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Credit demand among small firms dropped sharply in the first quarter, according to the Bank of England (Reuters)

Credit availability for small and medium-sized enterprises did not improve in the first three months of the year, as demand for bank lending among these firms fell significantly when it was expected to grow, according to the Bank of England's credit conditions survey for the first quarter.

Secured and unsecured credit availability for households lifted in the first quarter and is expected to expand further in the following three months, while demand for lending at small and large firms was expected to pick up in the second quarter.

"Once again, it's not good news for SMEs from the Bank of England as it seems that the Funding for Lending Scheme (FLS) is improving access to nearly every type of finance except loans to small businesses," said Emmanouil Schizas, senior economic analyst at the Association of Chartered Certified Accountants.

"Looking at the Bank of England's data in detail, though, it's important to note two things: first, that banks have consistently overestimated small businesses' future demand for credit over the past six months - they should be careful not to set lending targets with policymakers that they cannot meet.

"Second, that the banks had expected the price of credit to small businesses to rise significantly over this period - it hasn't, which is probably courtesy of the Bank of England. That should be a small comfort to SME's."

Under FLS, banks are offered discount loans from the BoE to a value tied to their stock lending to the real economy of smaller firms and consumers. As a bank increases its stock lending to the real economy, so does the value of cheap loans - at rates lower than the inter-bank lending market - it is allowed to access.

FLS has been criticised by lawmakers for not freeing up enough affordable credit for SMEs, perceived as being held back from expansion and job creation by a squeeze on bank lending. However, recent data from the BoE and SME finance researcher BDRC Continental suggests there is not enough appetite for lending in the first place.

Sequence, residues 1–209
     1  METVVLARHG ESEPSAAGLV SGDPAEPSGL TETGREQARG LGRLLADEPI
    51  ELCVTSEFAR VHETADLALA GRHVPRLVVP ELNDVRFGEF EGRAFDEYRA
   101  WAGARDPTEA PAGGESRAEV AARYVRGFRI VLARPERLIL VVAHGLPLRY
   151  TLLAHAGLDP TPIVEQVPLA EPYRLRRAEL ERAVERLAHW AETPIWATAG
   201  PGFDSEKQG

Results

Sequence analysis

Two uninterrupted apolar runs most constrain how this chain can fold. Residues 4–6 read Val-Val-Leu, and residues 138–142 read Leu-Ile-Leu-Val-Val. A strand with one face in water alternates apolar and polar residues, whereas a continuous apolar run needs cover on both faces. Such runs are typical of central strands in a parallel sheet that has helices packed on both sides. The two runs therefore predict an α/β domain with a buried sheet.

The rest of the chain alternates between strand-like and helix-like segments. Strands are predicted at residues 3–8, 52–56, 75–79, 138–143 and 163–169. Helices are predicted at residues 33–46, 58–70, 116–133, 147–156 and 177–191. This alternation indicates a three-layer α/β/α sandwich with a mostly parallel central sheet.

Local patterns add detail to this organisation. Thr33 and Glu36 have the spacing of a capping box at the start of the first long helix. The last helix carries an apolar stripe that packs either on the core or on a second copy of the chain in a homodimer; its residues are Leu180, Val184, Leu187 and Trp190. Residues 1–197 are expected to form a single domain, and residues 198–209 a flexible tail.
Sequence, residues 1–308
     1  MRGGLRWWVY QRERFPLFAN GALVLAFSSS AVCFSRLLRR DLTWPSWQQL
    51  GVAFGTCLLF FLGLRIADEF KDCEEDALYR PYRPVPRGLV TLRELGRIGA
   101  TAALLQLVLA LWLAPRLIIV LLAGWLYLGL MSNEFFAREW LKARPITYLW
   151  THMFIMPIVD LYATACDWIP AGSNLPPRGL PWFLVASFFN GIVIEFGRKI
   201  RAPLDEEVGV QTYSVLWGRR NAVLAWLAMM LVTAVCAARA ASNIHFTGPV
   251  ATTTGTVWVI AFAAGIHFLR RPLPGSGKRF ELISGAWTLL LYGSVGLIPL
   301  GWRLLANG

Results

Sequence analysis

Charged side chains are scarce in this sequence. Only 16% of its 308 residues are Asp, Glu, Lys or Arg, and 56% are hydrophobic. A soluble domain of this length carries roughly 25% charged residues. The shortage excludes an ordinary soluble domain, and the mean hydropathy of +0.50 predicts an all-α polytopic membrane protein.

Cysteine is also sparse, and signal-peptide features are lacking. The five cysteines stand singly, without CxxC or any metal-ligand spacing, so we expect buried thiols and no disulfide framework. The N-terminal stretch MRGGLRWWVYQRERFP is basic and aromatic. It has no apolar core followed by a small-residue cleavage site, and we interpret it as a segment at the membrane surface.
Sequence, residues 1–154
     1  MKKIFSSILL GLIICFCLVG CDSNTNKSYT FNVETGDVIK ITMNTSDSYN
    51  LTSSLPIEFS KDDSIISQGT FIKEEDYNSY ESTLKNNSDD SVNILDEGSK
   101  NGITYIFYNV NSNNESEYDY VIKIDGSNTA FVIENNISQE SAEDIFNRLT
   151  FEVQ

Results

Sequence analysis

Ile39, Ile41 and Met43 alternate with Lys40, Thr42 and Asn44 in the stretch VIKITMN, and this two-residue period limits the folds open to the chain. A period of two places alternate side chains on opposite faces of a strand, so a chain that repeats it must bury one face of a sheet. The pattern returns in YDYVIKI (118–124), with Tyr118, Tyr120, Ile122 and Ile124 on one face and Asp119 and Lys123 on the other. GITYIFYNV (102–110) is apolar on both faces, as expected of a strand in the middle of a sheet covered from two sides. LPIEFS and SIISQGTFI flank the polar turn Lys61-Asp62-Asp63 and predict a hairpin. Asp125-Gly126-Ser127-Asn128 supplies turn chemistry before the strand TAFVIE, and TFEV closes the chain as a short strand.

"Lenders reported a significant decrease in demand for credit from small companies in Q1, a slight reduction in credit demand from medium-sized companies, and little change in demand from large companies," said the BoE credit conditions survey.

"Lower capital investment was cited as the main reason contributing to lower demand overall. Lenders commented that confidence in the economic outlook remained fragile, and that was weighing on demand.

"A few lenders noted that some companies might have been discouraged from applying for credit because of a belief that lenders have a low appetite for risk."

The UK economy has seen its growth forecasts slashed drastically, which is making business cautious about investing.

Office for Budget Responsibility estimates, which the government uses as a guide for future fiscal decisions, were slashed in half to 0.6 percent across the whole of 2013.

Fears over the eurozone have been reignited by the crisis in Cyprus, which almost exited the single currency as it struggled to reach a deal among politicians on how to prop-up its crumbling financial sector.
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